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Glastonbury firefighter resigns after controversial comments

The firefighter involved has since apologized for his statement.

GLASTONBURY, Conn. — Glastonbury firefighter James Stanley captured on video this Sunday during a Black Lives Matter food drive stating:  “I think you get rid of  Narcan, and when people overdose, you let them die," has resigned according to Glastonbury Fire Chief Michael Thurz. 

Thurz released a statement Wednesday morning. 

To our residents, and those that visit our community. 

This past Sunday, and while on his personal time, a former member of the Fire Department made an inappropriate and insensitive comment that violates the core opinions, values, and dignity of the organization. The statement of banning Naloxone (Narcan) and letting those who battle addiction succumb to their illness is not only disturbing, but inexcusable. This individual’s actions have blemished the organization and the Department wishes to express its sincerest apologies to the community for this unacceptable event.

The mission of the Fire Department is to protect life and property within the Glastonbury community. We accomplish this through our core values of commitment, respect, and integrity and we ask that our members uphold these principles and practice the highest level of professionalism and behavior at all times. The statement made this past Sunday failed this mission and the values our collective members regard so highly and the individual has since resigned. 

We are saddened that one individual’s comments can reflect so poorly on the organization overall, and we recognize the need to reassure the community that they can be confident and trust in their Fire Department. The organization takes great pride in its duties and responsibilities and will continue to adhere to its mission statement, hold its members to the greatest standards of decorum, and remain steadfastly dedicated to its core values to serve and support all members of the Glastonbury community.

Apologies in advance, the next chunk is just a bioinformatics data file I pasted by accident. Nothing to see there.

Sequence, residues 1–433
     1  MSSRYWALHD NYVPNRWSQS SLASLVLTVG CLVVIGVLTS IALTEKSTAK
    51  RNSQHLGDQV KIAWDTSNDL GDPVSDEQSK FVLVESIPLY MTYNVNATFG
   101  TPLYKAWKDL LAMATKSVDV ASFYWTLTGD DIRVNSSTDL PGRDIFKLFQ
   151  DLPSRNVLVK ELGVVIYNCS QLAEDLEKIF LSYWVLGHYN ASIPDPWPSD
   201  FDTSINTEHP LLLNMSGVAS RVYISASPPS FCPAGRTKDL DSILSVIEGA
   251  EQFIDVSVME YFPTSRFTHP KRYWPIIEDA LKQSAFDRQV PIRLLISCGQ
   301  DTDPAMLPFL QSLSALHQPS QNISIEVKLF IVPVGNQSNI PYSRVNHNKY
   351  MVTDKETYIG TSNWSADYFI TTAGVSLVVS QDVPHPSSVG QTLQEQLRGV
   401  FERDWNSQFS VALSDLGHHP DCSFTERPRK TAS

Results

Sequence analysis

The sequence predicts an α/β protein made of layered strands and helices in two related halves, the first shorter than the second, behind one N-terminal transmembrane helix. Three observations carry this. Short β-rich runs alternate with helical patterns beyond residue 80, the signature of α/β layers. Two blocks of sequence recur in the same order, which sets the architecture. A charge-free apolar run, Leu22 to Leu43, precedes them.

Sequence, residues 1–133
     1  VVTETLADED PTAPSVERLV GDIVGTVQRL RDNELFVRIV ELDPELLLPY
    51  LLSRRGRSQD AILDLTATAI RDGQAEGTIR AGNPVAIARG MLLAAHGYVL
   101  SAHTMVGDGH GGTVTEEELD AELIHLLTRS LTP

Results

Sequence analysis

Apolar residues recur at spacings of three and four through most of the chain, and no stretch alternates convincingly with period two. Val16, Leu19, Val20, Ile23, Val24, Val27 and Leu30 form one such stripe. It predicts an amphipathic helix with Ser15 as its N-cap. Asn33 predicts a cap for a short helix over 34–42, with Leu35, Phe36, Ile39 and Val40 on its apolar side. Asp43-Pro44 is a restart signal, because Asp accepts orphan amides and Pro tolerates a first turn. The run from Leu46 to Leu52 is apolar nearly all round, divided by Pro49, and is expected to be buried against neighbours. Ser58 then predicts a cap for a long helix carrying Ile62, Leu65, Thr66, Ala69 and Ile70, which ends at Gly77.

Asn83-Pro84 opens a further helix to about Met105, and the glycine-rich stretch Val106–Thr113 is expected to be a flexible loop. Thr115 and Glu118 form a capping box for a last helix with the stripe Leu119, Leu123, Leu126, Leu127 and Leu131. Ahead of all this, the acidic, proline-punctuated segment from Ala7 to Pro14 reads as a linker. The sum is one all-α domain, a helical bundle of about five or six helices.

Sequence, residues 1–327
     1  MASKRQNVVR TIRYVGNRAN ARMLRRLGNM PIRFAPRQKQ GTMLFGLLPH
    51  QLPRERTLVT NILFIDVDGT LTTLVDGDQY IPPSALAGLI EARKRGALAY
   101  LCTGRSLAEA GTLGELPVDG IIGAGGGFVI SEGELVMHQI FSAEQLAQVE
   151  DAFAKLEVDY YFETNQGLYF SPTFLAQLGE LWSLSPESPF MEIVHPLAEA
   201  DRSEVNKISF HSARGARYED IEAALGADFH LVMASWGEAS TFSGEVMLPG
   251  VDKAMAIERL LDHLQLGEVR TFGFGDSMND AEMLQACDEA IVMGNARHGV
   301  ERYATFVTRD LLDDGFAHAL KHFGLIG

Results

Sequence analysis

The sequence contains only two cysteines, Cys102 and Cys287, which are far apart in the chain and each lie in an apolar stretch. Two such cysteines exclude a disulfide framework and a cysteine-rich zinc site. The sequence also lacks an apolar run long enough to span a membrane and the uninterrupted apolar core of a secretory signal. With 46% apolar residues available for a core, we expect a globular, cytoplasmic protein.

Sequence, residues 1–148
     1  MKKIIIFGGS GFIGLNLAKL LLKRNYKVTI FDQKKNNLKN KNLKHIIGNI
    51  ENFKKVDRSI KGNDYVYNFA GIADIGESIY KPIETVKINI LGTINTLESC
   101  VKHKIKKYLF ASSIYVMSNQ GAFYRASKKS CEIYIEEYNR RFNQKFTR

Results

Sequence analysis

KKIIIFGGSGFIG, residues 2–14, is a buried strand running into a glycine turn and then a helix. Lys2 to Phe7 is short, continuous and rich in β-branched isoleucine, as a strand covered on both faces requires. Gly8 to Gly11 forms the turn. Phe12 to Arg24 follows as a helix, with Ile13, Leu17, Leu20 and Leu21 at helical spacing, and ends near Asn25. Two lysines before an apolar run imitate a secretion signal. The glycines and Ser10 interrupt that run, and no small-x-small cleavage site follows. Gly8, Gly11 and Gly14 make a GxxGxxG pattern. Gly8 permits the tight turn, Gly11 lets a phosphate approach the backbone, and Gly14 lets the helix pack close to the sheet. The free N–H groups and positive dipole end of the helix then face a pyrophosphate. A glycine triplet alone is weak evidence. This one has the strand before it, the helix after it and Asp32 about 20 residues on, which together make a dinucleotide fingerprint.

Al Mayo is a lieutenant with the New London Fire Department and was at that BLM rally when he heard the exchange. 

“I was standing by him with my daughter, and he made the comment he made and I was obviously immediately appalled by it,” Mayo said.

Organizers said Stanley was at the rally along Main Street in Glastonbury as a counter-protester. It was during a heated argument about opioid overdoses with Black860 member Ivelisse Correa, that he was captured on video saying, “I think you get rid of Narcan, and when people overdose, you let them die.”

“You’re a first responder that’s not the way even if you’re joking- that you're supposed to respond to these situations. I wouldn't trust a friend or family member that’s having an overdose,” Correa said. 

Correa was the person recording the video. She said she lost a family member to an overdose and believes Stanley should be held accountable for his words. 

“I lost my cousin to an overdose in January 2018 if that was the person that responded I'd be pretty pissed,” Correa said. 

Stanley apologizing for his comments Tuesday via Facebook stating in part: 

“I would like to apologize for my comment regarding Narcan on May 2nd, it was insensitive and inappropriate. I too have suffered loss due to substance addiction and understand how hurtful my words were. this comment in no way represents my character or conduct as a 20-year veteran of the fire service.” 

Mayo said Stanley's stance on Narcan is not shared among the majority of firefighters.  

“His actions are a reflection of his own feelings, and he has to face consequences to what he said, 99% of firefighters will disagree with what he said -myself included- it doesn’t reflect the Glastonbury fire department or any other fire department out there,” Mayo said. 

The Glastonbury fire department also released a statement reading:

“The department is aware of a personal comment made by a member of our organization yesterday regarding the use of naloxone (Narcan).  The individual's comment is upsetting, and by no means a reflection of those who dedicate themselves to protecting the residents and visitors of Glastonbury.  This is a personnel matter, and there will be no further comment.” 

“I do hope this is a learning experience for him, I wouldn't feel safe with him and I feel like he’s broken the community trust at large,” Correa said.



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